Do you ever have days (or whole years, entire decades) where you feel like that rooster in the middle, attempting to prance around with the pretty pink flamingos, hoping no one notices that you look decidedly different?
I sure do. In fact, I’ve felt “different” my entire life. I wanted to be the flamingo, but I just wasn’t. I was the rooster. Even as a young, blonde Marsha Brady look-alike, I was bullied. Yep, I was actually barked at like a dog. I knew that it wasn’t because I was ugly. It had to do with the way I saw the world and my inability to conform to other people’s expectations. Something about me made the flamingos nervous.
It was only once I learned to embrace my roosterness that I started coming into my own, speaking my mind with confidence and passion. I was able to flip the switch on my “otherness” and use it to my advantage.
I noticed something as I was reading through your posts and descriptions on Freshly Press Yourself over the last few days. Amidst all of the wonderfully written, funny, insightful posts, there was an unfortunate amount of hemming and hawing, of devaluing and apologizing. Things like: “I’m not really an expert,” or “This is poorly written” or “Not my best.” Maybe you’re not an expert, maybe it is poorly written, and maybe it’s not your best. But, hang on a sec, lovelies. WHY are you telling us those things? Is it because you’re embarrassed? Worried about being judged?
Guess what? We’re all afraid of being judged. Even those pretty pink flamingos.
Especially those pretty pink flamingos.
It’s natural to feel uncertain when we begin something new. We worry that everyone is so much further ahead of us and that we’ll never catch up. We’re not witty enough, smart enough, experienced enough, pretty enough. But none of that matters. What matters is that we’re not self–confident enough.
Here’s a comment left by a fellow blogger on my Freshly Pressed Post:
I had just stumbled upon your blog from the “Freshly Pressed” page and upon seeing your layout and photo and “About Me” section, was immediately struck with jealousy! As someone who just started a blog and is still very much figuring out its direction, I thought, now THIS is what a blog is supposed to look like; it is perfect in a way mine never will be…why am I even trying?! Then I read your entry and realized how right you are about how misleading only parts of the ‘picture’ can be.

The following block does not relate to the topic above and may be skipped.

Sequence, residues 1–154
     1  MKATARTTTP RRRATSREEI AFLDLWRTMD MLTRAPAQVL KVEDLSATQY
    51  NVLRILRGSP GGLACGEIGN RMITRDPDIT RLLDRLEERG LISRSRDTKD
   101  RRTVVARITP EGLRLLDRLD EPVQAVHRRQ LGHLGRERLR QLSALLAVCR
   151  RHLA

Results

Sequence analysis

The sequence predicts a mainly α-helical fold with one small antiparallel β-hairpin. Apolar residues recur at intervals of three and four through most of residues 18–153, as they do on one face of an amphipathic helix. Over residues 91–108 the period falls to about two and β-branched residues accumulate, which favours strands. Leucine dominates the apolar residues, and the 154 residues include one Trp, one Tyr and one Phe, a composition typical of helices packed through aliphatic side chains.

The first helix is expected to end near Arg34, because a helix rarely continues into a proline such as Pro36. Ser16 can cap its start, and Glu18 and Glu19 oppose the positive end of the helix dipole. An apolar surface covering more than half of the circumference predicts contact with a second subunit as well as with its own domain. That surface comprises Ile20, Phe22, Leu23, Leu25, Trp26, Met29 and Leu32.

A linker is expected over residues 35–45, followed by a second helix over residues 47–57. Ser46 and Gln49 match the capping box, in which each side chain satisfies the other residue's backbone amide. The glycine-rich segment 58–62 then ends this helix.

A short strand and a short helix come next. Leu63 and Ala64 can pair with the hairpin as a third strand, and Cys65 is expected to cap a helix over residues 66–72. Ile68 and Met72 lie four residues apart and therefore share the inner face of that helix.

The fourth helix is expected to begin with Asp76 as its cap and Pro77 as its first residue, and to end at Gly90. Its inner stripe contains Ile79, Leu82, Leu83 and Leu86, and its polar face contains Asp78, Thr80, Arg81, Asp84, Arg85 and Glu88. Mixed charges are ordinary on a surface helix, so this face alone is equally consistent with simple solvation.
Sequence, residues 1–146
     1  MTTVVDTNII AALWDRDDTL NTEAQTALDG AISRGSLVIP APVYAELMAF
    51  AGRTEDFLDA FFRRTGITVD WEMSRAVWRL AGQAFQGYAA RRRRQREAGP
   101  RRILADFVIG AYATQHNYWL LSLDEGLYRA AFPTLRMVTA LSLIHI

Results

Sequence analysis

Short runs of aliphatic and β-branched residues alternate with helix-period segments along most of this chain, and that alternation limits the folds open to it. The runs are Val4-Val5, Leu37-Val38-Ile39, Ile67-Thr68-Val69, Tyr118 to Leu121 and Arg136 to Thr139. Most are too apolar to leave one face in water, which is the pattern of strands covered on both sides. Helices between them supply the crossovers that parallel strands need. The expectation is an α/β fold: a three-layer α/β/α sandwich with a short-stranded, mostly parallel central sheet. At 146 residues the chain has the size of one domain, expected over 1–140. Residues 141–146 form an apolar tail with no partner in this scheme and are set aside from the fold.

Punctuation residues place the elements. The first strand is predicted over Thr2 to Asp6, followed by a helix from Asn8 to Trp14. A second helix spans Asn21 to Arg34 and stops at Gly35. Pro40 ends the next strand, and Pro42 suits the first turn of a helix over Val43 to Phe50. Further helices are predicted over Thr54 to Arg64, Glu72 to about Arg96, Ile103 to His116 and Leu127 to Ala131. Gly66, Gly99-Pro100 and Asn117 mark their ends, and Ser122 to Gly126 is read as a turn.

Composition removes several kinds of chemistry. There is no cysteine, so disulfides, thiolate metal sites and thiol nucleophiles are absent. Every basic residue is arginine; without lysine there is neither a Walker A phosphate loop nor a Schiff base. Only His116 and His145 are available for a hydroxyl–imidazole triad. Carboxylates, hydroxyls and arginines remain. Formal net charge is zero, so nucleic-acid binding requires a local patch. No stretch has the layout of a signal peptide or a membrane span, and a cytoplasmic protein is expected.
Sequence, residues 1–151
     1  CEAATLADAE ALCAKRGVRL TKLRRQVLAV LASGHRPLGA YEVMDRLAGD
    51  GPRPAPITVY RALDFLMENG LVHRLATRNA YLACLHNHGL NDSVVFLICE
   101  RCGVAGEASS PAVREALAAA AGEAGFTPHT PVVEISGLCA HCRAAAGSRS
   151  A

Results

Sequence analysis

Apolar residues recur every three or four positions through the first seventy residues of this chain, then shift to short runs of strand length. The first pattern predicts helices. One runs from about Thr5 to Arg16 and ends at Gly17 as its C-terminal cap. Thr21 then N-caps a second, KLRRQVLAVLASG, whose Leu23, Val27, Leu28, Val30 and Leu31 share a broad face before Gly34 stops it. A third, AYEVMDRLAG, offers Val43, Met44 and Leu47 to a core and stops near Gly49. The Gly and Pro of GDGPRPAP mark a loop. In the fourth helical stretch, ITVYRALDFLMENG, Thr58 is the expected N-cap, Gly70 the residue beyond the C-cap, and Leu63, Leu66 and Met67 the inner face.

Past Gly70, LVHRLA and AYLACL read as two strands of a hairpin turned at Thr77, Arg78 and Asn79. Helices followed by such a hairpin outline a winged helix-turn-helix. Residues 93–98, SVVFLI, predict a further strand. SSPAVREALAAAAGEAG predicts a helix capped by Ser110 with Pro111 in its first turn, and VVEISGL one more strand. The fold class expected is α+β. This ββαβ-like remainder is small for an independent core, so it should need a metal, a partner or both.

Umm, guess what guys? I also had no idea what I was doing when I started this blog. I had a vague concept and a strong desire to voice my thoughts. I had an idea for a photo shoot. I worried that people would think my cupcakes and my pig were stupid and that I looked silly. But if I’ve learned one thing in my thirty years of life, it’s this: No one really knows what they’re doing. Everyone is, to some extent, faking it.
Fakers. All of us.
Those guys who barked at me were faking it. They wanted to look cool so they picked on me; they used it to leverage their own popularity. And then those bullies grew up, and one of them wrote me an emotional apology email a few years back. And, even though it shouldn’t have mattered anymore, it made me feel better. Because we all want to be liked…
Which is why we tend to swing wildly between self-doubt and over-confidence and have a tough time locating that sweet spot in between. Think about the blogs or books you like to read, the people you admire and look up to. They probably all have something in common: they’re confident but not arrogant, humble but not self-effacing. They believe in themselves and position themselves as authoritative and ever-curious. Most importantly, they are 100% authentic.
When you say things like, “I’m not really an expert,” you are teaching people to doubt your authority. By talking yourself down, you’re diluting and possibly destroying all of the great content you’ve worked so hard to create.
Don’t do that. Believe that what you have to say holds merit. Because it does. Confidence allows you to take wonderful risks.
I really like this quote from Alan Alda:
“Laugh at yourself, but don’t ever aim your doubt at yourself. Be bold. When you embark for strange places, don’t leave any of yourself safely on shore. Have the nerve to go into unexplored territory.”
Embrace your roosterness. Believe it or not, other people actually want to hear what you have to say. So don’t hold back. Climb off of those ridiculous stilts and crow, baby, crow.